The gift of difficult conversation

I have been participating in some difficult conversations of late, and enjoying the opportunity for growth they present.

Sometimes, my very full house strains a little at the seams of passionate debate and I think about how lucky we are to live among people who care so deeply, express themselves so freely and listen with such care.

Our conversations do not always end in consensus, but they do elicit empathy and a broader understanding of the world around.

“Could you just read this?” I asked my daughter Molly when we arrived at a recent impasse.

“I will, if you read this,” she replied.

So, we both spent some time in the valuable pursuit of perspective and in equal enjoyment of elegant prose.

We did not resolve our difference of opinion, but we did affirm our mutual respect.

Sometimes I think people cheat themselves out of necessary conversations because they think the only successful ones end in agreement.

How stagnant our world would be, how boring its conversations, if we all agreed on everything.

The trick, of course, is to maintain that mutual respect and to treat yourself to the refreshing opportunity of an open mind.

I hope and pray that many Americans will accept the gift of difficult conversations in the coming days and listen thoughtfully even if they do not always agree.

7 thoughts on “The gift of difficult conversation

  1. i just had one of those difficult conversations. I sometimes tell people that we can’t really have a deep relationship with someone unless we go to the deep places. However, I know people who would prefer to stay on the surface and preserve what they have and keep things just as they are. For the most part I think we ought to speak peaceably. But there are times to challenge and to exercise our debate muscles. At times I make things awkward for awhile, but later I point out that we know each other so much better as a result. I always try to draw back before anything escalates, however. These kinds of conversations also help us understand each of our boundaries and we need to respect these. I also need to be able to take as much as I give. The point is that we allow room for others to differ and that we not become contentious or defensive. As you say, it is definitely a skill. Some are born or raised with more ’emotional intelligence.’ This can be learned by paying careful attention and reflecting and maybe doing some reading on the subject of communication. I know I learned a lot from a book called People Skills and wish I had read it decades earlier. I think the important thing is that we understand/believe that we are looking out for one another’s good. There have been times when I have had to put my desire to share strong feelings and deeply held beliefs on hold, even for years, especially when it comes to those closest to me. Preserving the relationship is always at the top of my mind. I have found navigating this very challenging. My, this comment got rather long. Thank you for sharing!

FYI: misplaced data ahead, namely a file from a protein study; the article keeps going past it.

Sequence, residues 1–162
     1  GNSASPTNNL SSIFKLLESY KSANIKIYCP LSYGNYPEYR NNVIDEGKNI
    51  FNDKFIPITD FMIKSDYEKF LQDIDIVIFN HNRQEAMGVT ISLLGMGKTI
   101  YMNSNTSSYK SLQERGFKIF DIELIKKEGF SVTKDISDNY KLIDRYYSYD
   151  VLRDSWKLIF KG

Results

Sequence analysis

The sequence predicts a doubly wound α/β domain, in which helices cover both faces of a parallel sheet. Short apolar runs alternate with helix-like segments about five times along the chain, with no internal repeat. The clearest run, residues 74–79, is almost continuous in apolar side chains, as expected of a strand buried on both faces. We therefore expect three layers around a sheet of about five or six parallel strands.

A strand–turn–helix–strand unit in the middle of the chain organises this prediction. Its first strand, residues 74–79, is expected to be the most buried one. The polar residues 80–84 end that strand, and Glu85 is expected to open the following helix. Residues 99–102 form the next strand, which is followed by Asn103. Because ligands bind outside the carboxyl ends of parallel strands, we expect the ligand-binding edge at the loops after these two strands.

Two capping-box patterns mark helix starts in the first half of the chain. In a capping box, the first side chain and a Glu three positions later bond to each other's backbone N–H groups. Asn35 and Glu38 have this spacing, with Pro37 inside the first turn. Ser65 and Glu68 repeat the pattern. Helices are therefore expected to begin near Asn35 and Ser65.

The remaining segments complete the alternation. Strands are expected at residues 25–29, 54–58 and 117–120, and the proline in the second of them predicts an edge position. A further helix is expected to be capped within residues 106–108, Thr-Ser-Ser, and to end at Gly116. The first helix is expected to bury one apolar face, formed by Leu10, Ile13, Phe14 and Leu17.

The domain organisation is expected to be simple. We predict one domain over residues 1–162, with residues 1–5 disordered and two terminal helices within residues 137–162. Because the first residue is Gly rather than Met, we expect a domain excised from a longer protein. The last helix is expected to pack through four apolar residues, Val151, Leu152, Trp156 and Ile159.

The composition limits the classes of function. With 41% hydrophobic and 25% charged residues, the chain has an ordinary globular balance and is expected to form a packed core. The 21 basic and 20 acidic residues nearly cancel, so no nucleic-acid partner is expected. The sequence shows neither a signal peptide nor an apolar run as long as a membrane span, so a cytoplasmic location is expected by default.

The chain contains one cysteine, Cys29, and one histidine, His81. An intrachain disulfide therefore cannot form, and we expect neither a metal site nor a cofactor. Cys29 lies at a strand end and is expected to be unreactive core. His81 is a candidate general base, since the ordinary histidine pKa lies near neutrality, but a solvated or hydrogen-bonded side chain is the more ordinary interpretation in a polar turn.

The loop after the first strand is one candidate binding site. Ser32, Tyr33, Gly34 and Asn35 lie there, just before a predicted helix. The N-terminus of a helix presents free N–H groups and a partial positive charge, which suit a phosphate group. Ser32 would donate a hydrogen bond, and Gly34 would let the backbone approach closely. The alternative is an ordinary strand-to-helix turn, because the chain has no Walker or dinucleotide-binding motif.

1. Thank you for this response. I appreciate your insights and that you take the time to share them so generously on this blog. I agree that we have to stand up for what we strongly believe. I also think it’s really helpful to stay open to information and ideas that may shift those beliefs one way or another. Stay true to ourselves but recognize that we are constantly growing and evolving humans. Thank you for the book recommendation. I will check it out. Have a great day!

      1. Yes, we need to stay open. In recent years I have shifted away from some of my strongly held views and then come back, slightly re-positioned. I’m sure you’ll enjoy the book, as I did.

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